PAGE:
command_file_parameters

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DCL Command File Parameters

DCL command file processing provides for as many as eight (8) com-line parameters, which are used/known as local variables named P1, P2, P3, P4, P5, P6, P7 and P8 within the command file itself. Each of these local “parameter-variables” behaves exactly like any other programmer-created DCL local variables within the script, except for the fact that their initial values are picked up from what the user types on the command line when invoking (running) that script.

In the DCL examples on wiki-page DCL Symbol Substitution - String Substitution Examples and Command File Parameters P1 thru P8, you can see how P1 is used in the first FANCYSHOW.COM script; all 8 parameter-variables are demonstrated in the last COM_FILE_PARAMETERS.COM script.

What follows are the important things to know about DCL scripts and parameters.

Invoking DCL Scripts

  • A command file is invoked (executed or run) by preceding its filename (or more complete filespec) with an at-sign “@”; for example, a script named EXAMPLE.COM:
$ @EXAMPLE

If that script is not located in your current working directory (see SHOW DEFAULT), then use as much device and/or directory/subdirectory file specification as needed to locate it:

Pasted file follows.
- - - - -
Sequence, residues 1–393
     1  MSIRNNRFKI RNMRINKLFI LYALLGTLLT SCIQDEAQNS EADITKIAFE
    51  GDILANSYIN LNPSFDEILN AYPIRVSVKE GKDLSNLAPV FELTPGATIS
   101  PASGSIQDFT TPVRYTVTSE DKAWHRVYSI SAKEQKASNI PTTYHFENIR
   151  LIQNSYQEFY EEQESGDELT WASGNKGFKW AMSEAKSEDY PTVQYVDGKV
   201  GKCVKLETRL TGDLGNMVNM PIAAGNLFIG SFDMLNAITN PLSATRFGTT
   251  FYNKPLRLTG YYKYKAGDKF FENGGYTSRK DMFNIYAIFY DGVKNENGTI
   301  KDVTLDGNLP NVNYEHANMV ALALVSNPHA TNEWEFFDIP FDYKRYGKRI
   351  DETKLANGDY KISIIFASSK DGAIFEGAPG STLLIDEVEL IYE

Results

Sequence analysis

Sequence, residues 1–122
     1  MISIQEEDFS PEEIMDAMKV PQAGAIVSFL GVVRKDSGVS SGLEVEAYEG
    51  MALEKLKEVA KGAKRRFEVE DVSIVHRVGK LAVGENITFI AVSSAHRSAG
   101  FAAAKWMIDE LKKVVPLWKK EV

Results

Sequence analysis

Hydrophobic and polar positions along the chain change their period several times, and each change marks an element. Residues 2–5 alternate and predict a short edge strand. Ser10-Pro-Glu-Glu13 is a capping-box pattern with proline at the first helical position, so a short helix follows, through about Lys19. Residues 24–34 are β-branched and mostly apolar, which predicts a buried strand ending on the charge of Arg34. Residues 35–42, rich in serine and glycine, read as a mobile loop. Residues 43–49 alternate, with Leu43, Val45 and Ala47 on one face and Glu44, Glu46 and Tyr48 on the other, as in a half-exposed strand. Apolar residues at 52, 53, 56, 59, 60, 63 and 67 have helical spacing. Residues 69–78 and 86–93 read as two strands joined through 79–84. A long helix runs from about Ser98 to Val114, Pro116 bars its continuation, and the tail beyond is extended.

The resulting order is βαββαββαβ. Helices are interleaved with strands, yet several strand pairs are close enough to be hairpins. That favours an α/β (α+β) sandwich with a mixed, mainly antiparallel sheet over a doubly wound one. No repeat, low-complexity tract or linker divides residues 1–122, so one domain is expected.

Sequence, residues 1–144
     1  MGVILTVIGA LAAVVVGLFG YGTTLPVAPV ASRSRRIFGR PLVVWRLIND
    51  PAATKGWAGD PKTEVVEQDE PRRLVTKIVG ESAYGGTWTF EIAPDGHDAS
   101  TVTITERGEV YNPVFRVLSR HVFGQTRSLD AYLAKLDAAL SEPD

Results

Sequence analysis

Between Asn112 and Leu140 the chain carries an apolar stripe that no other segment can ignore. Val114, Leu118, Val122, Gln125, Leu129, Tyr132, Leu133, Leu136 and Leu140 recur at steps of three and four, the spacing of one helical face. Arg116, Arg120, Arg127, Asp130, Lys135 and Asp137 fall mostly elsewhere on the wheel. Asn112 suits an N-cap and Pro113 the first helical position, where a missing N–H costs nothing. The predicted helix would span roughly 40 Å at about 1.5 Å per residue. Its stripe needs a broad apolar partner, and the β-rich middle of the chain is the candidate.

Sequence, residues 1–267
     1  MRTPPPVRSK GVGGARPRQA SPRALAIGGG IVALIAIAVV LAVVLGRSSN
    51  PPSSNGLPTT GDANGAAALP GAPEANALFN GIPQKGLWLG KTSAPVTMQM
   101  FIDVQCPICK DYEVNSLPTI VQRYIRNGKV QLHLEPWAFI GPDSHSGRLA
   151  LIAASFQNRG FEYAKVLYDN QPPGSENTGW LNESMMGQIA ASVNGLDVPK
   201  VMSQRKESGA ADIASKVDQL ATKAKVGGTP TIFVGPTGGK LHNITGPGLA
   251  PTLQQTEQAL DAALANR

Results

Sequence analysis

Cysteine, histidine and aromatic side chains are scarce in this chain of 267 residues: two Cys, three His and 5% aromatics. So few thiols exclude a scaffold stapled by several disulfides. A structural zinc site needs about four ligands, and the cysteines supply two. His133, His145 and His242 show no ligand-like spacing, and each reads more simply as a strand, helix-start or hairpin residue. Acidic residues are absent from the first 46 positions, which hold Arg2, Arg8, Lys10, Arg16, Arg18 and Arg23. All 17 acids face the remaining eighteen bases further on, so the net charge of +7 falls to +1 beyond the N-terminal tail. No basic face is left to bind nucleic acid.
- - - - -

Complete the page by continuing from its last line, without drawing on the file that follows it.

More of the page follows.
$ @[-.CALEB.COMMANDS]EXAMPLE

…or:

$ @DISK$USER:[USERS.CALEB.COMMANDS]EXAMPLE

…and logical names work well too:

$ SHOW LOGICAL USER_COMMANDS
    USER_COMMANDS = "DISK$USER:[USERS.ALL.COMMANDS]" (LNM$SYSTEM_TABLE)
$ @USER_COMMANDS:EXAMPLE

With all these variations, we'll stick with the first, short form for what follows, just for brevity.

Com-Line Parameters

  • Whenever a script is invoked ($ @EXAMPLE), the com-file's name can be followed with from one to eight parameters, separated by spaces (blanks).
  • Each parameter (word) on that command line becomes the variable value (or contents) for the correspondingly numbered com-file parameter-variable within the script, from P1 up to P8.
$ @EXAMPLE value1 value2 value3 value4 value5 value6 value7 value8
$ ! becomes:  |      |      |      |      |      |      |      |
$ !           v      v      v      v      v      v      v      v
$ !          P1     P2     P3     P4     P5     P6     P7     P8
$ ! within the script...
  • If more than one space (blank) character separates any two parameter values on the invoking command line, those multiple spaces are compressed (reduced) to a single space character, which does not alter or affect the positional mapping of values to their respective parameter-variables.
  • In the absence of double-quotes surrounding any parameter value, each value is converted to UPPERCASE letters.
  • If lower/MiXeD/UPPERcase is to be preserved exactly, then those com-line parameter values must each be surrounded by double-quote marks :
$ @EXAMPLE "lowercase" "MixedCase" upperCASE "UPPERCASE"

In the above example, the values of P1 and P2 will be “lowercase” and “MixedCase” respectively, but each value for P3 and P4 will be “UPPERCASE”.

  • If a multi-word parameter value is needed/desired, surround the whole phrase in double-quotes – That double-quoted string becomes one parameter value:
$ @EXAMPLE "This is a test" "Another test"

Here, P1's value becomes “This is a test”, and P2's value becomes “Another test”.

Parameters Are Always Character Strings, Never Integers